- 17 Dec 2015
Dr Ahmed Ayuna passed PACES this summer and scored full marks in the Integrated Clinical Assessment (Station 5). Here's how he prepared, along with his top tips for succeeding in each station.
Hi, I’m Ahmed, I passed my PACES exam from the first try in June 2015 in the UK and it was the toughest exam in my life, so let me tell you about my experience.
To start with, I spent about 3.5-4 months preparing for my exam by practising a proper clinical examination with timing; attending PACES teaching groups held in hospital where I work; reading some PACES books; attending a PACES preparation course and subscribing to Pastest PACES Online as it contain a wide range of videos and teaching material.
On exam day
I started with Station 1, Abdomen. It was a middle-aged lady with distended abdomen, a tinge of jaundice and huge ascites. I couldn’t feel any organomegaly, so I gave the differential diagnosis of ascites, then was asked about management. I didn’t score very highly in this station as I forgot to lay the patient flat!
Top tip – always position the patient correctly!
Next was the Respiratory Station with an elderly gentleman with mild kyphosis. It was a normal chest exam apart from slight reduction of chest expansion. In the question it said he had got intermittent dyspnea. On finishing my exam, I asked the patient for permission to examine his lower back to check for sacral oedema. He told me to be careful as it was sore; looking carefully there was a very small scar over the sacrum from recent surgery. The examiner asked about findings and diagnosis; I gave differential of PE following the operation to the lower back, asthma, resolving chest infection. Both examiners were happy and I got 16/20.
Top tip – always look very carefully so you don’t miss any clues!
Station 2 involved a young lady with recurrent chest infection; she presented with fever, cough, SOB and sweating. The examiner was concerned about the possibility of HIV.
Top tip – listen carefully for any clue that may be given by the patient while taking the history. Usually 3-4 clues are provided. You need to ask about them in detail, as you will be penalized severely if you neglect them.
In Station 3 Cardiology I saw an elderly lady with diastolic murmur in the apex and thoracotomy scar. Pulses were present on both radials and no radio femoral delay. I thought it was mitral valvotomy due to mitral stenosis, and I got 15/20.
For Neurology I was asked to examine upper limb and I noticed signs of upper motor neuron. During examination I noticed he had cerebellar signs, so once I had finished full upper limb exam I did cerebellar exam as well. I thought this gentleman had MS. The examiner asked me about differential and management plan, and I scored full marks.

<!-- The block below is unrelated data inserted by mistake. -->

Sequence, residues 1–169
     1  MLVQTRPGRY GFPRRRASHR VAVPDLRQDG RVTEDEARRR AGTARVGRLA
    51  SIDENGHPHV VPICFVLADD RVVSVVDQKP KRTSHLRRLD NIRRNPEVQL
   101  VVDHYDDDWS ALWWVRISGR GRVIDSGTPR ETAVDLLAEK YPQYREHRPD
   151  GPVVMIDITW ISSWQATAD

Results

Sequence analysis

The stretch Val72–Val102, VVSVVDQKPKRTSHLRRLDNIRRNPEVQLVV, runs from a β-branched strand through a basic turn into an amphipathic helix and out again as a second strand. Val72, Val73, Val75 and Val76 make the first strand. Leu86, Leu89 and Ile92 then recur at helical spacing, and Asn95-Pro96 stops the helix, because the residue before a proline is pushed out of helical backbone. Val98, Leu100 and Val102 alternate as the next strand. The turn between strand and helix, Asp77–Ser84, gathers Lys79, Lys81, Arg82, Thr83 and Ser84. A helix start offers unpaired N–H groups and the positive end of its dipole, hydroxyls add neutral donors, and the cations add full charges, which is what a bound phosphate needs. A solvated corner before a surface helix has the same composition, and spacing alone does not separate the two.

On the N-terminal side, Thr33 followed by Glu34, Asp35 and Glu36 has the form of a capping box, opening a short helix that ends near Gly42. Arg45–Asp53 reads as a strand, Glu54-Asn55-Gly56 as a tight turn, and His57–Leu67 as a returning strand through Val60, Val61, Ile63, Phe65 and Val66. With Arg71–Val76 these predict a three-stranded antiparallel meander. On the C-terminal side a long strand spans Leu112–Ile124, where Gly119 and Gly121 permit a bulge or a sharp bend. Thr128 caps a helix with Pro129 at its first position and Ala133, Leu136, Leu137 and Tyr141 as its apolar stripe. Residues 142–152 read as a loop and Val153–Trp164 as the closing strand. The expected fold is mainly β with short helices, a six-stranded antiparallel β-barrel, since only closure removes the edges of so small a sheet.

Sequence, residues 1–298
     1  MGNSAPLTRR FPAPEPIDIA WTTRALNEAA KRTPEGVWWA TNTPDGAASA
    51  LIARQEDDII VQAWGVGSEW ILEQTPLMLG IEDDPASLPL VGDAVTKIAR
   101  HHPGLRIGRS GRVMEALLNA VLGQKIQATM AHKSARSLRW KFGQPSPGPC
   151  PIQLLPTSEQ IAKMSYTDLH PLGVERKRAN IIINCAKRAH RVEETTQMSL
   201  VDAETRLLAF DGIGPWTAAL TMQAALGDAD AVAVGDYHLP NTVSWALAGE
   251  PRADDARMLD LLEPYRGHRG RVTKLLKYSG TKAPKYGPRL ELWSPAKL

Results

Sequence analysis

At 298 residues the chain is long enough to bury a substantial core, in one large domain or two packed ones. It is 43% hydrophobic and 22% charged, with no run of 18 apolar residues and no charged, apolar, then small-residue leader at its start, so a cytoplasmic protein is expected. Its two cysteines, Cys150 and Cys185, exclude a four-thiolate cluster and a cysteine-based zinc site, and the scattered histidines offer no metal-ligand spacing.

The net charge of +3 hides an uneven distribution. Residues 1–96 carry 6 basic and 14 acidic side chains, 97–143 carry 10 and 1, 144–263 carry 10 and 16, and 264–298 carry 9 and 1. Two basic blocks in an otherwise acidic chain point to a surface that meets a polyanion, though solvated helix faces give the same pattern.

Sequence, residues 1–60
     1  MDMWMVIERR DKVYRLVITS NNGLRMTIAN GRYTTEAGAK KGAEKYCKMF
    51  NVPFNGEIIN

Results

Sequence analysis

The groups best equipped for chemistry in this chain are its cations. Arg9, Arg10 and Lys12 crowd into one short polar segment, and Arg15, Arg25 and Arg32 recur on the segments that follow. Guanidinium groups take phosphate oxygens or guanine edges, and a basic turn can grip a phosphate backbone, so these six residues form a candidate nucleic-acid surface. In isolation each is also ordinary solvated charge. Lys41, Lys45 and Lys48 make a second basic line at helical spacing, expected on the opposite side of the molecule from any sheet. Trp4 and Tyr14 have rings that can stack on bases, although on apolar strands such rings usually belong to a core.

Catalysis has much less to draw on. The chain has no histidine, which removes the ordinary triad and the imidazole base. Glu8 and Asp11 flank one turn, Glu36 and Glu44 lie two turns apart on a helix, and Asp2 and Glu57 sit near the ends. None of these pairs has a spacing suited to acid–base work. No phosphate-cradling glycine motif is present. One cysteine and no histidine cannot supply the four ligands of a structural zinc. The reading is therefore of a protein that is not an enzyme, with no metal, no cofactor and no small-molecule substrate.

Top tip – remember that doing an extra examination related to your diagnosis will give you extra marks.
For Station 4 I saw a young gentleman with asymptomatic high blood pressure unresponsive to life style modification. He had a very healthy life and my consultant asked me to talk to him to do further investigation and start oral anti-hypertensive medications. The patient was very silent. He didn’t give any information and was not keen on doing any further tests nor taking medication. I explained to him the meaning of high blood pressure, complications and the medications along with their possible side effects. At the end the patient was happy to do the investigations and take the medications. The examiners were very impressed and gave me 16/16.
In Station 5, the first case was a middle-aged lady with sudden loss of vision 3 months ago. Her observations were fine apart from blood pressure of 170/110. In the history I asked for more details of what happened; she said she was driving and suddenly lost vision in the left eye. There was no eye pain, no headache and no vomiting. She wasn’t diabetic, and she is a housewife living with her husband and 2 children. On examination I found a newspaper on the bed side, so I asked her to read one line. Using the ophthalmoscope there was haziness of the disc and signs of grade 4 hypertensive retinopathy. The examiner asked me about the differential diagnosis, causes of painless loss of vision and anatomy of cerebral blood circulation.
Case 2 was an elderly gentleman who collapsed while in church. The collateral history gave feature of cardiac cause and irregular palpitation; nonetheless I excluded other possibilities like neuro, postural hypotension, medications etc. On examination, I found pan-systolic murmur and sinus rhythm. The diagnosis was mitral regurgitation and atrial fibrillation. I scored 28/28 in each of these cases.
Top tip – you will be given 5 minutes before this station to read the scenarios. Analyse the scenarios very, very carefully as they always put clues in it!
In this station you should always concentrate of the social aspect of the history. This is what examiners want, because they want to see a safe, competent doctor who puts the patient at the centre and does his best to help and protect him. Make sure you ask who looks after the patient and about their health.
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